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    I wouldn't recommend harbor freight for sockets, they sell a lot of stuff that's good enough, but sockets aren't on that menu (neither are allen keys) I have a craftsman set from the 90's thats very nice, I've only ever broken screwdrivers (misusing them) and socket drivers. The last time I went in for a new socket driver, the guy asked me if I wanted a new one or a rebuilt old one-- I asked him whats the difference? He said if you use the new ones they will break, the old one will last. I took the old one and haven't been back since. I abuse it too. I don't think I would spend big money on a new craftsmen set if their quality has gone down, if you use tools a lot I might invest in high grade tools ie mac, snapon. Otherwise save some money and get a Stanley or similar set. You can always replace what you don't like with something nicer.
  5. elsullo

    elsullo Portland Oregon New Member

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    Stanley tools were made in America, and much of what Sears Craftsman tools sold was made by Stanley. About five years ago Stanley moved all of its production OUT of America, and quality went to heck. Craftsman started to offer two grades of tools: cheap and cheaper. Things ain't what they used to be.

    I have a set of 1980's Craftsman sockets; superb, just superb, and no comparason to current production. If I were buying tools today, I'd be only watching Craigslist postings for OLD tools, and looking for estate sale notices. I'd sure avoid anything new made by Stanley....................elsullo :(
  6. Mookie

    Mookie Eastern Washington Active Member

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    Yard sales man, YARD SALES. They might not match but you can get hand tools stupid cheap. I once picked up a fairly large tool box for $20, it was full of Mac, Craftsman, and Snap ON. I bought it for the box and did not even look inside. This is not an uncommon thing to happen.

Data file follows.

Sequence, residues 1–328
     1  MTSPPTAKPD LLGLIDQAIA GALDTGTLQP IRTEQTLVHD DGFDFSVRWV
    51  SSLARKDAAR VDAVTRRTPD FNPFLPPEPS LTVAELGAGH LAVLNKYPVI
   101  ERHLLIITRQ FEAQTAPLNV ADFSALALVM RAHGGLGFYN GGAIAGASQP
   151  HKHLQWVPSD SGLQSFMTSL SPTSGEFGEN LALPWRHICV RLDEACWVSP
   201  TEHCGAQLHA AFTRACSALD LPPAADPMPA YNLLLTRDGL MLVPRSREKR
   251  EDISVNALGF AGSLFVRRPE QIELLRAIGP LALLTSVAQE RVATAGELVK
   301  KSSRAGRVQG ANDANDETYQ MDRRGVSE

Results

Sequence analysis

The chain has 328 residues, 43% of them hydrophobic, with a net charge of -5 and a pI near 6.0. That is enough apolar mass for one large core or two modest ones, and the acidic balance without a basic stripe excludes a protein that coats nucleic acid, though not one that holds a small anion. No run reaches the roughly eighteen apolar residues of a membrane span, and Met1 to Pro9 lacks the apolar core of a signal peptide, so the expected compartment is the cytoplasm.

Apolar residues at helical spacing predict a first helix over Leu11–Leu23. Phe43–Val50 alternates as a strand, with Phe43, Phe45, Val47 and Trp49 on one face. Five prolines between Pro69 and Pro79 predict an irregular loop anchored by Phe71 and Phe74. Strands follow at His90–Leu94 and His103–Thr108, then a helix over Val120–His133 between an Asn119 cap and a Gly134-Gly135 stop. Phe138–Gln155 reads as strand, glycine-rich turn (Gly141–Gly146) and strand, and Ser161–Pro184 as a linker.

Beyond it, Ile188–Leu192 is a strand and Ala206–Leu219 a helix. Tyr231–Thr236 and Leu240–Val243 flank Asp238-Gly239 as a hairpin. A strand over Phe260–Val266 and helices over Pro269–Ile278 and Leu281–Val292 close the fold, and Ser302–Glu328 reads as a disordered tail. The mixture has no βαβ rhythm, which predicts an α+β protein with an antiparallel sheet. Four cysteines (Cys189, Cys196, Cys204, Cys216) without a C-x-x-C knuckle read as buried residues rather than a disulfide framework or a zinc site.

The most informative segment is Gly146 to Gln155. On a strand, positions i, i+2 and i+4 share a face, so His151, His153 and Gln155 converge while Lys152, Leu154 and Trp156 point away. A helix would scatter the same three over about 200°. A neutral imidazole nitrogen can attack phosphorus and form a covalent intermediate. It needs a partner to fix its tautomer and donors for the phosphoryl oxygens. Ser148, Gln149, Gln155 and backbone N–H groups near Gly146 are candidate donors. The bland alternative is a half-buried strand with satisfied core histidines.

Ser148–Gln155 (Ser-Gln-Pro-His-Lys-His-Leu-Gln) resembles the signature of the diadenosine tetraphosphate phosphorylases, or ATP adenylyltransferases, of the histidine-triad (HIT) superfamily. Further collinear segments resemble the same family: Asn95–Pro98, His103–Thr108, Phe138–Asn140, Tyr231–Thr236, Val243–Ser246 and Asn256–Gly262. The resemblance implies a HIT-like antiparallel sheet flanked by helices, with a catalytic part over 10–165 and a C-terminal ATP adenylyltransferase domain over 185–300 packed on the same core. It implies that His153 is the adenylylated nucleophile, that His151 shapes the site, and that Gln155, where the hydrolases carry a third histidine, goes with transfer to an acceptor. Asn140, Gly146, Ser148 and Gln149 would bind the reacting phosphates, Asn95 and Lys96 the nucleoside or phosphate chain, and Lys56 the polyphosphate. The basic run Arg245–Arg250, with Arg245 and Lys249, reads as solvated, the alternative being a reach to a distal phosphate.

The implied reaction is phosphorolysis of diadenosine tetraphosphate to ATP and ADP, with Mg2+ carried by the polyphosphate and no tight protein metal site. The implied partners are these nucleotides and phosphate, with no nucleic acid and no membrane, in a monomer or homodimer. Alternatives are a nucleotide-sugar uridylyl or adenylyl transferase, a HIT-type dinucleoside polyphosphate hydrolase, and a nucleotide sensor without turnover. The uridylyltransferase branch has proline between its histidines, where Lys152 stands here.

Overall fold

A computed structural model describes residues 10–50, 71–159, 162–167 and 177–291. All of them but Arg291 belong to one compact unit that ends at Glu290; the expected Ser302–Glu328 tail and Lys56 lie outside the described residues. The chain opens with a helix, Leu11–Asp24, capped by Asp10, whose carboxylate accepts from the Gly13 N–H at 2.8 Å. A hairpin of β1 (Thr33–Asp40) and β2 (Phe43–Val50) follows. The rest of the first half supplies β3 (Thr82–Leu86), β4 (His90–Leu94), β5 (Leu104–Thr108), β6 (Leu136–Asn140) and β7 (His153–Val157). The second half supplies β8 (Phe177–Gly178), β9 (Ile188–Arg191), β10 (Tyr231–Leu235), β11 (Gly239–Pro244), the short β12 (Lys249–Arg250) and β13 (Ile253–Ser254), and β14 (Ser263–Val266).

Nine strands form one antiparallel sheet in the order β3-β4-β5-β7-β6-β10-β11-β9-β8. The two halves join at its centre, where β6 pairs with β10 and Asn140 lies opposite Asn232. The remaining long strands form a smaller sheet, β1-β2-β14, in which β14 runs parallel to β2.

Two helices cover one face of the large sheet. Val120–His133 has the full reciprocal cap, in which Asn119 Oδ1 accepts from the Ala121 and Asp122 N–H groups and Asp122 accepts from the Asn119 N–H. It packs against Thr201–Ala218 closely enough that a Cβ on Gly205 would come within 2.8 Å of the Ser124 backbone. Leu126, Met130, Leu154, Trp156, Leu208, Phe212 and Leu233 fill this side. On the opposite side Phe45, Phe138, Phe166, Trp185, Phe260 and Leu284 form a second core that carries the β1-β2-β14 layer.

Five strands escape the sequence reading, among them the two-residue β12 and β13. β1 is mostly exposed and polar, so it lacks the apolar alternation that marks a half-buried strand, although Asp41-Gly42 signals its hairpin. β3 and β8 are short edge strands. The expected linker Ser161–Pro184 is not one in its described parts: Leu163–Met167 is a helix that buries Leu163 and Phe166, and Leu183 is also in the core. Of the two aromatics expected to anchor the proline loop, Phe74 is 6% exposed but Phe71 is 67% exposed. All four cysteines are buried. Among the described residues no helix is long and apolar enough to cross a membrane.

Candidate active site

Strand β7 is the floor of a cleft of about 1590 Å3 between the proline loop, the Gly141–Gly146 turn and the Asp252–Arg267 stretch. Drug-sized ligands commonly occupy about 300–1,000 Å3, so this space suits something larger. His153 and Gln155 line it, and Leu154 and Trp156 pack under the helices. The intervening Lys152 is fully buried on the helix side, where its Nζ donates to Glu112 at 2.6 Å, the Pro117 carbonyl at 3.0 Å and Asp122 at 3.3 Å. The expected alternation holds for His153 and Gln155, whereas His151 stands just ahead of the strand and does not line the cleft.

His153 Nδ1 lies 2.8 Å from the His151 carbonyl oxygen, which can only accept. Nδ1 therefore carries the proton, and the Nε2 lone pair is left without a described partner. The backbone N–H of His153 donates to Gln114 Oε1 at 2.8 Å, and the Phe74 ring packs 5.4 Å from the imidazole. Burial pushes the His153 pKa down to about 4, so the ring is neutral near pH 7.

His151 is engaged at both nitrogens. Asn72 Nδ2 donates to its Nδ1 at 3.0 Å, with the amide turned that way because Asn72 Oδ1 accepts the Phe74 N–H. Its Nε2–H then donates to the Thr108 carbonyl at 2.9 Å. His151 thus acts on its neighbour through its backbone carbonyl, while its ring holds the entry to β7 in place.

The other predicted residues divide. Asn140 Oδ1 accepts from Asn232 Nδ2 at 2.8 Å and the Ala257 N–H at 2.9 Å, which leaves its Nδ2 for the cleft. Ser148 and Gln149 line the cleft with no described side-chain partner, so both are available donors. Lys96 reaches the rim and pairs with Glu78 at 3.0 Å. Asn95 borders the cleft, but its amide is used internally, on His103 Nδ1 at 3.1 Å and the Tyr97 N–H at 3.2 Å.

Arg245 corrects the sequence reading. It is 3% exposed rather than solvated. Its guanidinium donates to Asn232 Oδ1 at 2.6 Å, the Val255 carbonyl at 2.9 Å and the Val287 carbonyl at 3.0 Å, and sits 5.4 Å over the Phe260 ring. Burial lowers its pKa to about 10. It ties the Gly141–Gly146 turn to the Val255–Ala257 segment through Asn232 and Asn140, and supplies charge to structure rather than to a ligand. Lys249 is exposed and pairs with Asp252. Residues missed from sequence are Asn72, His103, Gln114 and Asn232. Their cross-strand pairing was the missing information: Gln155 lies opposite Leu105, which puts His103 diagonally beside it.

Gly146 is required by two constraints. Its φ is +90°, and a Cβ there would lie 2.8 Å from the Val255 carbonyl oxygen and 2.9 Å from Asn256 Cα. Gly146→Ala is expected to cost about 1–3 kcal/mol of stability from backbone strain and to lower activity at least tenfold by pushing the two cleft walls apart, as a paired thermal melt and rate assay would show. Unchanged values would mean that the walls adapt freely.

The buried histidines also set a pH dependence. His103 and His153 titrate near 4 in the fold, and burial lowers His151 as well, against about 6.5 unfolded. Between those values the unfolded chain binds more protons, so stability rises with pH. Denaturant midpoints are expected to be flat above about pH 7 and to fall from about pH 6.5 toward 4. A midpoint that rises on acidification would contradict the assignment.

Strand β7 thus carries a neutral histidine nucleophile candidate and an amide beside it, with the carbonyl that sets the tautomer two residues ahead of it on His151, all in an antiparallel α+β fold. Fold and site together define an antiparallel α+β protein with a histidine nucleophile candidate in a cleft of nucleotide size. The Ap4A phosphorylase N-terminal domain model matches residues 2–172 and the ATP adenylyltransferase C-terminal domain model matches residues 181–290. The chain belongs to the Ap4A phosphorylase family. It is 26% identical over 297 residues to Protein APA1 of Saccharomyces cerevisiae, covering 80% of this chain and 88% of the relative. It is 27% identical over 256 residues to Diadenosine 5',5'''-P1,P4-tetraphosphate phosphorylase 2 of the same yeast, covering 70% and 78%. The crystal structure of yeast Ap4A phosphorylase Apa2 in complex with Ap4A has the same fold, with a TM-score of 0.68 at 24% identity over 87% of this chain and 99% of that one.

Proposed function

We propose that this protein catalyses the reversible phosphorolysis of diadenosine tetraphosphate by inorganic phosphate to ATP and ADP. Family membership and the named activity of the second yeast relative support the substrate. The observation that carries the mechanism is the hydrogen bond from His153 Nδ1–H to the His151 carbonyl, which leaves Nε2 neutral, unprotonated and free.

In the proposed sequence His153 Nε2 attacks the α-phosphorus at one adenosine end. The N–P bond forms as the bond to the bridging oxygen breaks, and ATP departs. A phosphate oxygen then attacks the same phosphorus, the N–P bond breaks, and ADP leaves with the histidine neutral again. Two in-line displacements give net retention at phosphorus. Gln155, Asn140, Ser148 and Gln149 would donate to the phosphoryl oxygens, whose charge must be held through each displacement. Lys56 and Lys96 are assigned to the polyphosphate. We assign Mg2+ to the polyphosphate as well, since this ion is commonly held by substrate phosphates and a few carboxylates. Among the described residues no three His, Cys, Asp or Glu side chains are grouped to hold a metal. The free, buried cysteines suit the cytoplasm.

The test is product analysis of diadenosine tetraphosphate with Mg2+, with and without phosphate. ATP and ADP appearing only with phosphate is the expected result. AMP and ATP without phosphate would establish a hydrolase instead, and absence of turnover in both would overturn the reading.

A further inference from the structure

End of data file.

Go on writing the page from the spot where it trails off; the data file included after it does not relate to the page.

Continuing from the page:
I buy a lot of hand tools for work and have come to the conclusion about tools and quality and country of origin.
    The best quality is the U.S.A. made tools, I am not saying this to get people to buy made in USA, I came to the conclusion after being impressed with some tools I purchased and then looked at where they were made, all of my best quality tools were made in the USA. I talked to the salesman about it and why the store did not have the specific tools that I needed. He said most people come in and buy the Chinese tools for 1/3 the price to save money but very often have to bring them back. They are sturdier and use better materials.

    After that you have a tie for German, British and Japanese. Amazing quality.

    Anything you can buy from Pakistan or China will be crap, usually.
  7. Gunner3456

    Gunner3456 Salem Well-Known Member

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    Pawn shops, yard sales, estate sales, Craigs list. OLD tools including garden tools. Buy new handles for garden tools.

    I bought a couple of 5 gallon buckets of old forged garden tools and every one was missing its handle. What a find. When I got them home and counted them, I had paid $2 each for them. Shovels, rakes, grub hoe, etc. etc.
  8. speelyei

    speelyei Willamette Valley Active Member